According to Choi et al. (2009) the replacement of fat could compensate for color changes in emulsified meat products, where animal fat replaced by vegetable oil increases lightness and yellowness but decreases redness. The distribution of the oil phase into the protein matrix during the chopping process allows for color differences, since fat particle area is higher when vegetable oils are present in the formulation because they seem to be evenly dispersed and are better distributed than the animal fat tissue (Youssef and Barbut, 2010).

3.3. Texture parametersTOP

The effect of the pork backfat replacement by olive oil on the texture parameters of pâté is presented in Table 3. The replacement of fat by olive oil resulted in pâtés with different textural properties. As expected, emulsified oil presented a softer texture than pork back fat, and therefore, it obtained a significant hardness reduction (P<0.001) when fat was replaced with olive oil, and hence, the force to compress the pâté samples, related to maximum peak force and the work necessary to compress it, was higher in the control group. The data obtained for hardness are in agreement with those observed by Martín et al. (2008), who found a great difference in consistency between the control pâté and fat reduced pâtés with oil enriched with linoleic acid and olive oil. Thus, the experimental batches showed a softer consistency than the control batch, formulated in the traditional way with pork fat as the only added fat source. The authors concluded that the main factor responsible of the observed soft consistency in all batches is due to the decrease in saturated fats and the increase in unsaturated fats when pork back fat was replaced by oils. On the other hand, they noted that it would be possible that the adipocyte structure of back fat tissue remains intact after the manufacture. According to them, this might contribute to the higher consistency of the control batch, since the fat would remain inside the adipocytes. Morales-Irigoyen et al. (2012) also reported lower hardness values (P<0.05) in batches with fat replacement, in this case by emulsified canola oil, in the elaboration of pork liver pâté, which led to a more spreadable texture.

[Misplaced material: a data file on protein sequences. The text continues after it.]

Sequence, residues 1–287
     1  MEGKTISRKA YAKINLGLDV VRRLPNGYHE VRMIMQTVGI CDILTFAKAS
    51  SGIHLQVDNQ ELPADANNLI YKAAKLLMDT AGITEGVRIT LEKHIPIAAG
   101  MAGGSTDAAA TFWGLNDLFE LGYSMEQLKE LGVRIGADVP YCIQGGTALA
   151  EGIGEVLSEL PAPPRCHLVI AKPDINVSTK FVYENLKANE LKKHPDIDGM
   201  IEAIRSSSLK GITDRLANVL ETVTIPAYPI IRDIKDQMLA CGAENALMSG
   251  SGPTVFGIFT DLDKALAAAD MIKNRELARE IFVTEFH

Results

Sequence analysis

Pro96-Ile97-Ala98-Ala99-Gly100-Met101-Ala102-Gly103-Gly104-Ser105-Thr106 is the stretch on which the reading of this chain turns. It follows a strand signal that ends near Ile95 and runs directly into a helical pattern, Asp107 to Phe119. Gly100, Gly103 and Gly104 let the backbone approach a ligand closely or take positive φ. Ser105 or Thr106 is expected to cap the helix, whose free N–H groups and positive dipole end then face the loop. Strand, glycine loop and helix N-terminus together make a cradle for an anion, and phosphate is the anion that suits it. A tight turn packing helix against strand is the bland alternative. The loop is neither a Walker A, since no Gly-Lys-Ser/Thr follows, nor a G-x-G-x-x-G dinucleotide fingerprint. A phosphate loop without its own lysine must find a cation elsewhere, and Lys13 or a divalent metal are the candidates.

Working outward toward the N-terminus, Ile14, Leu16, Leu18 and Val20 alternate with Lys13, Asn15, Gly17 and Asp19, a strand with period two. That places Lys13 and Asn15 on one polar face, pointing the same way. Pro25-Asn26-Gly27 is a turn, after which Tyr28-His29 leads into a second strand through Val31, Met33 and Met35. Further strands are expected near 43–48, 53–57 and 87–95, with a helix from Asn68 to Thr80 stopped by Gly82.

Table 3. Effect of olive oil amount on texture parameters of pâté
Fat replacement
TPA traits 0% 50% 100% SEM Sig.
Hardness (N) 4.50b 3.33a 3.33a 0.15 ***
Elasticity (mm) 1.01 1.00 0.99 0.006 n.s.
Cohesiveness 0.47b 0.44a 0.44a 0.005 *
Gumminess (N) 2.15b 1.47a 1.37a 0.07 ***
Chewiness (N) 2.12b 1.44a 1.33a 0.06 ***
a-b Mean values in the same row (corresponding to the same parameter) not followed by a common letter differ significantly (P<0.05);
Sig: significance:
*** (P<0.001),
* (P<0.05), n.s. (not significant);
SEM: standard error of the mean

As in the hardness parameter, the fat replacement caused a significant reduction (P<0.001) in gumminess and chewiness, also showing a progressive decline as fat was replaced by olive oil. Gumminess and chewiness are parameters directly dependent of hardness, thus, similar results were expected. In a like manner, cohesiveness showed a higher value (P<0.05) in the control pâté than in the rest, but it did not show a progressive decrease as fat was replaced by olive oil as in the case of gumminess and chewiness. This outcome is in disagreement with those reported by Asuming-Bediako et al. (2014) who did not find any significant difference between UK-style sausages manufactured with back fat and with total or partial replacement by rapeseed oil.